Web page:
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  • Business Plan
  • Private Placement Memorandum
  • Financials
  • Intellectual Property
  • Renderings
  • Prototypes
  • ...etc.

Presentations For Financing Your Product

You've got an idea. You're excited to develop it into a product and make your fortune and indelibly making your mark on the world. You've been told it's a fantastic idea worth millions - and maybe it is! How do you go from idea to market?

Most entrepreneurs know, or at least have the resourcefulness to find the path of how this is done. A written concept with either a set of clear renderings can start the ball rolling. This can be followed with a good business plan or a Private Placement Memorandum. A more aggressive approach would be to make a great video presentation like the better ones found on Kickstarter. A prototype or at least a works-like model may be part of your presentation alongside your renderings that show it's visual attractiveness.

Starting from just an idea requires the promotional tools described above to attract any sort of financing. For this, I don't need to tell you that your idea has to be new are original, that it solves a problem or is so unique that it could revolutionize an industry. However, you should also be aware of your idea's scale, its growth rate and potential for profit. It must also be timely, up to date. People with investment capital are looking for these types of opportunities and will invest should your idea be of this ilk and your presentation looks professional.

A sound business plan provides the investor with the confidence that you know what you're doing and where you plan to be at a chosen future date with the funds. I don’t recommend someone doing a business plan for you. Doing the business plan by yourself will reveal many things you may not have anticipated and is a great teaching effort.

A good business plan also provides the visibility of reasonable approximations on the return for anyone's investment including yours. This can either excite you or scare the motivation right out of you. I say, don't let any of that intimidate you after you've presented your idea, plan, renderings and prototype. An investor may want ten times their investment because the ratio of success in what they invest in is somewhere around 1 in 10. On the other hand, the best thing is to finance your idea yourself if that's all possible. Should an investor ask for one of your arms, one of your legs and a first-born son or two, don't hesitate to test how you do at the bargaining table. If your idea, presentation and profits are sound, the investor will flex a bit just so they don't pass up what could be a big payoff.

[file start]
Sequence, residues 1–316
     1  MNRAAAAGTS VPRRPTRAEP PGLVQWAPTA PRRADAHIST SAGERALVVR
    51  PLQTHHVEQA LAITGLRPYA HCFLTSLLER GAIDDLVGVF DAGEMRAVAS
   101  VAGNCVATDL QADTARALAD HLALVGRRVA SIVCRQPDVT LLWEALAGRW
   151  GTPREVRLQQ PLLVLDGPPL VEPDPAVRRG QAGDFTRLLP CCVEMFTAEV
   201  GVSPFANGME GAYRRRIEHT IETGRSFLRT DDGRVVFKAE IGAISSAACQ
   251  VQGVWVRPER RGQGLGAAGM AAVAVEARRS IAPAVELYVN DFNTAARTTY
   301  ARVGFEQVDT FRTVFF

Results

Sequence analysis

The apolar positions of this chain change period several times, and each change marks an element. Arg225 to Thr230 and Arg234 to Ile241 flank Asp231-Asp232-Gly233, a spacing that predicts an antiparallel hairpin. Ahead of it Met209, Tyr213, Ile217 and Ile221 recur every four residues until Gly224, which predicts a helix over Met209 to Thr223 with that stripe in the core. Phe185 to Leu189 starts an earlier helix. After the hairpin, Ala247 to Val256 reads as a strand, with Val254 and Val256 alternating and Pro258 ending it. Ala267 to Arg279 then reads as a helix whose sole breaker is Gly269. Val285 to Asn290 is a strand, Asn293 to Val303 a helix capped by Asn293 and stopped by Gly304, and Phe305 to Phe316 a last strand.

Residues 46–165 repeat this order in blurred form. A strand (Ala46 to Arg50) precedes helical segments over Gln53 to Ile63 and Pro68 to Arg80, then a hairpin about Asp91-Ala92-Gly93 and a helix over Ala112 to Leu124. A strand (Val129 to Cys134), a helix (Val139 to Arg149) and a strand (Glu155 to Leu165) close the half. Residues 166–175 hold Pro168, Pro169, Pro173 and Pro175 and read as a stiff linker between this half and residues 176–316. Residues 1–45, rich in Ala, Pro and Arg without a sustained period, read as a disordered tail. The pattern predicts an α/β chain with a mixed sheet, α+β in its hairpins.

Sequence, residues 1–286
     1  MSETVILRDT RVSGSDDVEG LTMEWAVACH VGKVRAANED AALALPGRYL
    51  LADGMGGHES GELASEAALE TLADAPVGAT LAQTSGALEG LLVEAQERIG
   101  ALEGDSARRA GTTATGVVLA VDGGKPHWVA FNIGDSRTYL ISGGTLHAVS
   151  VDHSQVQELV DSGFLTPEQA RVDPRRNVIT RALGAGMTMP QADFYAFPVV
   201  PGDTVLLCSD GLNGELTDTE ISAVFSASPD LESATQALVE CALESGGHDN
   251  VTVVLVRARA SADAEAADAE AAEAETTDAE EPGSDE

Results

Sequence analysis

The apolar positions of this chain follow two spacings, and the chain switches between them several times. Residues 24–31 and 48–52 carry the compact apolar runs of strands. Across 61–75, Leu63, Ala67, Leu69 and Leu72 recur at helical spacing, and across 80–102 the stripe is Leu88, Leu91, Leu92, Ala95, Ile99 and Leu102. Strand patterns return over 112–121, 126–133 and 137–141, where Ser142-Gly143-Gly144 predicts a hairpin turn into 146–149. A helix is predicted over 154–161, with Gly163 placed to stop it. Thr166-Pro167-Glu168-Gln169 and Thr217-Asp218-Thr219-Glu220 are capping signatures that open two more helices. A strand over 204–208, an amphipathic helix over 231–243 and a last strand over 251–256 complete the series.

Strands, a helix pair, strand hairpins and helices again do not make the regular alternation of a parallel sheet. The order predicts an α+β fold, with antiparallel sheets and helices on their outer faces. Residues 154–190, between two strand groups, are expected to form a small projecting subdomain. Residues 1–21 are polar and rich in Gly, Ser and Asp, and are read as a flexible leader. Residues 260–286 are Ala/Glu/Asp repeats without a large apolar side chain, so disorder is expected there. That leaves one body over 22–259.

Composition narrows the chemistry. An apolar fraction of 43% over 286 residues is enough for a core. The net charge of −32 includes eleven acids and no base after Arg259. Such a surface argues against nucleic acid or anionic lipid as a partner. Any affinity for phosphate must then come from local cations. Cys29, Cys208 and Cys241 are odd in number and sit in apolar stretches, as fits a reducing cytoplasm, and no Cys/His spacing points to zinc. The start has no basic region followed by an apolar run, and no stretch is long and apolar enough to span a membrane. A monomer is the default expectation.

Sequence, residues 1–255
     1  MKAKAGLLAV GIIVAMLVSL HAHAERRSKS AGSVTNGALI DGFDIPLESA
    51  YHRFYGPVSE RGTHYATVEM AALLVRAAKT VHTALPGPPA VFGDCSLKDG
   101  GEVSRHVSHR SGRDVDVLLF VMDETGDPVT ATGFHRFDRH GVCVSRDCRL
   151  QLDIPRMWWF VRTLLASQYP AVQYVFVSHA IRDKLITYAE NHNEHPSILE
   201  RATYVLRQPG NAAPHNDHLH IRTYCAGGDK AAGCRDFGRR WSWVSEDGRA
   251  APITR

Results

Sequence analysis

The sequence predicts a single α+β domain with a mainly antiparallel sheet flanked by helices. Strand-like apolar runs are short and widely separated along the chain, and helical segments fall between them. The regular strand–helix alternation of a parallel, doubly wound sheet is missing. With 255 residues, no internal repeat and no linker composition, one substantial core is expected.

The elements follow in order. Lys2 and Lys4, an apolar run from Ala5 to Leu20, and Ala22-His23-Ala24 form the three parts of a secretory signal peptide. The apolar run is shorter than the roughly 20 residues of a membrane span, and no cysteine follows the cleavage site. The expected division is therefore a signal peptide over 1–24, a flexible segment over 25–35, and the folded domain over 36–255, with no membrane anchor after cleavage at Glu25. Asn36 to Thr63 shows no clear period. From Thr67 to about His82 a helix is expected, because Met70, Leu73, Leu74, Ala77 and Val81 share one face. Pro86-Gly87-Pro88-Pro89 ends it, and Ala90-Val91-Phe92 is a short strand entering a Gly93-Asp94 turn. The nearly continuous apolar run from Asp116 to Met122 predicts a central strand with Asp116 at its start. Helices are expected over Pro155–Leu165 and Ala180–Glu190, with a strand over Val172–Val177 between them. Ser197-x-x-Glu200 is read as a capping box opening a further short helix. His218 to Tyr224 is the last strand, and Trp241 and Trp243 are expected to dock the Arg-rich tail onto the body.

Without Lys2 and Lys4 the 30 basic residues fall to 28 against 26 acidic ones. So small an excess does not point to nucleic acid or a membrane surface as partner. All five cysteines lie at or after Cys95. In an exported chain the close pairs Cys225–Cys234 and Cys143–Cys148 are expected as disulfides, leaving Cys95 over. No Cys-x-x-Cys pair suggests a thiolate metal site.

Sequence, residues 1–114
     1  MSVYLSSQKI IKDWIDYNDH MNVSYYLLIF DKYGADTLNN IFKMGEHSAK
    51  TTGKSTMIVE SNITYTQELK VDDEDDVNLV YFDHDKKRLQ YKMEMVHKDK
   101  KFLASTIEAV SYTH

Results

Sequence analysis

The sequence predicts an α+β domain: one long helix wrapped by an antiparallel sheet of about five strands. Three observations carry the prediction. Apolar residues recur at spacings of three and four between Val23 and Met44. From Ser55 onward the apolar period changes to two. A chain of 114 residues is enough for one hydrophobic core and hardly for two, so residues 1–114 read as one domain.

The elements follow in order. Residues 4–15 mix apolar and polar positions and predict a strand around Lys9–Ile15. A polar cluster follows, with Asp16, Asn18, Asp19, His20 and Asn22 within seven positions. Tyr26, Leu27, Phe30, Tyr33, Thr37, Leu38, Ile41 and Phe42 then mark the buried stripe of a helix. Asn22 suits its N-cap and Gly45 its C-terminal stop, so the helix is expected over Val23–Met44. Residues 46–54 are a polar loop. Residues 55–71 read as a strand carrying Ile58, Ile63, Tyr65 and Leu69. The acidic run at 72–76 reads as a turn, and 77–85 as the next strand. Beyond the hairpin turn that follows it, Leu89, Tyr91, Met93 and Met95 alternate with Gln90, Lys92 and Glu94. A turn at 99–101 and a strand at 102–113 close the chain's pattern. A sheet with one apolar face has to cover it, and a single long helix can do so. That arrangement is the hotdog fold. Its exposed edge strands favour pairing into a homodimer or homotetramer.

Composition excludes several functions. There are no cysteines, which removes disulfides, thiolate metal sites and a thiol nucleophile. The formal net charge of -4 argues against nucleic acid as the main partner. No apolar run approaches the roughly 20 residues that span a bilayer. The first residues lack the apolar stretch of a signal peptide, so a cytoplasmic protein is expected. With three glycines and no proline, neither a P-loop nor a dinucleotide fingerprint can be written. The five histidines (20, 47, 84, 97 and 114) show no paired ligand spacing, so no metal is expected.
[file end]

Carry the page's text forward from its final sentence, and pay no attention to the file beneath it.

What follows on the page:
The attrition rate of investors seeing your presentation is pretty high. Of approximately 200 investors that see your PPO, you expect that to dwindle down to about 5 to 12 by the time funds are offered - even though you have a killer idea. Investors also look for intellectual property attached to it. Whether it's an allowed patent, patent application, or just a provisional patent application, it's a good idea to always have intellectual property to add interest and value.

Also remember, as a rule of thumb, that investors invest in what they know. They don't stray from their comfort zone. The investor that is into medical products will not invest in a toy and vice versa. Always target investors that are in the field of your invention.

Investors may appear impatient. That's probably because they have so many people vying for their attention. You should be able to get a clear story across in less than a minute. If you present in person, showing 10 to 15 slides in that amount of time is about all they will sit still for. This will include clear illustrations / graphics of your product, marketing data, competition studies and financials. If they are still interested, you won't be shown the door and you should be ready to answer questions. That's just the early part of the process.

Now you've got the initial investment you were looking for. What? Initial money? Yes, initially many startups are fat and happy renting an office or fabrication space, purchasing tooling and materials, hiring people to get production moving and learning how expensive a sales/marketing effort actually is. There are desks, computers, quality control equipment, a Manufacturer's Resource Planning effort, copy machine paper, lights, gas, water and on and on. On a different scale, after initial investment money, you might still be in the product development stage with a big project that requires a huge effort before you go into any sort of production such as a new type of power plant that takes garbage and turns it into electricity. That's when you soon realize, even though you've come a long way, you need a second round of funding.

That's when your pie gets its first split. This is a basic funding concept. An initial venture that starts out as 100%, depending on how it's split with your first investor(s) is your equity. As investors add value, equity grows, and your ownership dwindles. This is not all that bad. Take Bill Gates for example, who started out owning 100% of Microsoft, then by 2014 he only owned about 4%. However, this 4% was worth about $76 Billion and made him the richest man in the world. Not bad for a college dropout.

When you get as far as a second round of funding, you will have learned more than most people will know in a lifetime about how funding works.

Good luck in your endeavors!